Monday, 21 February 2011

Reflections on Bradford Theatre in the Mill

The performance at Bradford goes smoothly. Nothing is missed or wrong footed on stage although I realise I have forgotten to organise music for the pre-set and it’s such a wild and windy night that it’s hard to differentiate between the soundtrack and the noise outside.

The Mill space is cavernous and the sound should have been checked more diligently as the acoustics are absorbing the noise. My bad. As well as Frank Jnr. the soundscape has been a little neglected over the past week and one of the things I’ll take away from the showing is the need to build more sound in and more time to develop sound through the process (and during time when the performers are not present I think).

Harriet (Jean) and Arnold (Pete) give exciting performances that I haven’t seen in rehearsal so far. The presence of the audience really brings a new dynamic. The type of auditorium/seating and the shape of the theatre changes the performance. Harriet instinctively grasps for a larger, more externalised performance at Bradford Theatre in the Mill. It makes sense, as the piece is essentially a direct address to the audience that they play their part

Audience feedback is reassuring. We’ve recorded the feedback and I may transcribe & publish it at some point but for now I offer an overview.

The response from the audience is generally warm and their answers to the questions I have prepared show that what we intended is coming across. It’s encouraging that their response to ‘how much can you take – how long can you sit through this?’ is that they can take more of it. A lot more in some cases. And they’re satisfied that no-one should ever speak on stage.

Some people feel that it would be interesting to see the family taken out of their comfort zone (ie away from their home and out into the world they fear). Another audience member is adamant that they should remain in their home. Someone mentions forces coming in from outside. We’ve improvised before where there was a letter received. I’ve toyed with the idea of bringing a telephone into it…I’m really interested in this as an avenue for exploration.

When asked ‘what are you hearing?’ one audience member says ‘mental health’. With hindsight I should have probed further into this as there’s still slight concern that Arnold might be perceived as being ill in some way, and this is not our intention.

Another concern is that it’s not clear that Arnold is an adult.

And I continue to receive thoughts by email/facebook after the event. I can’t describe how flattering it is to get this kind of correspondence! And there’s some really useful feedback in these exchanges – things that have come to mind after the event, things that folk didn’t feel entirely comfortable saying at the feedback session. I get a sense of what lingers…

And my own personal feedback?

Lack of cohesion comes to mind. To me it feels a bit thrown together. I’m disappointed to have lost the dark edge/feel to the piece; the new material has a different tone. I want to re-set the tone to re-discover the misery and desperation we established initially.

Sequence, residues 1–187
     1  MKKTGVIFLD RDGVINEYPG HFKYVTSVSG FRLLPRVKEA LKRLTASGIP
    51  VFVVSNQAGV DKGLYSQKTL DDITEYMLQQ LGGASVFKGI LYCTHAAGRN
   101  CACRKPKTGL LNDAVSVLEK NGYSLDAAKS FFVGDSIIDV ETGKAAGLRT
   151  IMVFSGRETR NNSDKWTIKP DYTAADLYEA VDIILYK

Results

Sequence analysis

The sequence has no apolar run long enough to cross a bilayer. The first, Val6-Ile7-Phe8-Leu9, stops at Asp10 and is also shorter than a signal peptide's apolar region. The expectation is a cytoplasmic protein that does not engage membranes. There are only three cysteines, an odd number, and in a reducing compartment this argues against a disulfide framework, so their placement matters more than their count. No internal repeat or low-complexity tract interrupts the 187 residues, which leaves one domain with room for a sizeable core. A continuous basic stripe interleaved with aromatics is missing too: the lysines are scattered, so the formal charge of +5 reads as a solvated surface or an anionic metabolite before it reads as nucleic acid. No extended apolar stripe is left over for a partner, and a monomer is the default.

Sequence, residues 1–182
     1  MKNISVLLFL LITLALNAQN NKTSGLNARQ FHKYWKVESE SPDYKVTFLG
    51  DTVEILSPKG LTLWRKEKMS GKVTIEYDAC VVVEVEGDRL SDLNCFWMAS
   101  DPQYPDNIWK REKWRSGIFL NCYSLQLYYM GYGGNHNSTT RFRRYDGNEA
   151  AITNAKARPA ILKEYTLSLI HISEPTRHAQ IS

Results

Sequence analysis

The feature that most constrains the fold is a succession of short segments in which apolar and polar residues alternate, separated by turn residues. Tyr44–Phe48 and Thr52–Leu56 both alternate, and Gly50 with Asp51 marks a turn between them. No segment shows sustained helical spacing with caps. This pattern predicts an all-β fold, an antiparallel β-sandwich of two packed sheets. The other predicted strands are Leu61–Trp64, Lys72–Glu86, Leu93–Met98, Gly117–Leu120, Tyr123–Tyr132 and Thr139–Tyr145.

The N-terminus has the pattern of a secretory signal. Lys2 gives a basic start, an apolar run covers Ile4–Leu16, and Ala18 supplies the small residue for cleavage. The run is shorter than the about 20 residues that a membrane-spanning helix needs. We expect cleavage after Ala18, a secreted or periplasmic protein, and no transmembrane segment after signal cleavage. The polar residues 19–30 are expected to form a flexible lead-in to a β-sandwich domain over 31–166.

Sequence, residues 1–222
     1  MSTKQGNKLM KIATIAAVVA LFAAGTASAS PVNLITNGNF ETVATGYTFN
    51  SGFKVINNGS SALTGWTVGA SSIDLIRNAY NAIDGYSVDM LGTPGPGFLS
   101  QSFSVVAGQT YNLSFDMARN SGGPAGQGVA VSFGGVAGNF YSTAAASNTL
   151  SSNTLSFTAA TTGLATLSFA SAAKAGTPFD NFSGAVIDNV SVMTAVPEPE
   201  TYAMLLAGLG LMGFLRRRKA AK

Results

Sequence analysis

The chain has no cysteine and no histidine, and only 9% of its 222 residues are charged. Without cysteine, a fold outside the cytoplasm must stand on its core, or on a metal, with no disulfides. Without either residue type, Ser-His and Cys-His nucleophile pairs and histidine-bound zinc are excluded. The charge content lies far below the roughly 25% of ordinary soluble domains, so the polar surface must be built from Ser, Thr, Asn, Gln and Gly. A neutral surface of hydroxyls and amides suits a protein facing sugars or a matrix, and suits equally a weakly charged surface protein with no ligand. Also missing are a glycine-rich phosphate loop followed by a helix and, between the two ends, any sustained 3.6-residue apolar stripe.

We’ve achieved a lot in a week, in terms of what we’ve created and what we’ve learned. The week has gone well in many ways, but I have yielded to the pressure of the showing at the end of the week felt duty bound to make work. Time constraints have compromised quality of the outcome a little. We’ve had to put it together quickly.

I feel the piece needs to be taken in hand, to be pared back to something more essential. Less wordy, more soundy with performances more deeply resonant and darker, it needs to be more unhappy… We’re copping out a bit by going down the comedy route…

The issues of Arnold appearing mentally/physically ill in some way need to be ironed out, and his age and the tragedy of his circumstances need to be more clearly communicated. Which ever messages we are giving out need to be finely tuned, to make sure we’re not accidentally saying things we oughtn’t be.

Something in me wants to see something more abstract. The ‘distraction scene’ where the devices in the home torment the family are most interesting to me. There could be more of this and of these.

How little can we get away with telling of this story? Can we move it into more abstract/artsy/installation territory? Can we retain the story telling? Should we try to take this route?

The ‘documentary’ aspects of it, the fact the audience are addressed and are acknowledged in their watching, like an intrusion works, but could we pare the words back and ‘tell’ much less?

I can hear the documentary as more of a background echo…I can hear the sound layer upon layer...many, many clocks. I can see this piece as being terribly uncomfortable to watch…

1 comment:

Anonymous said...

If you enjoyed this - you may enjoy Butley at the Duchess Theatre in London from 31 May to 27 August. This is a great play, starring Dominic West and Paul McGann in a classic revival by Simon Gray. Visit for more information.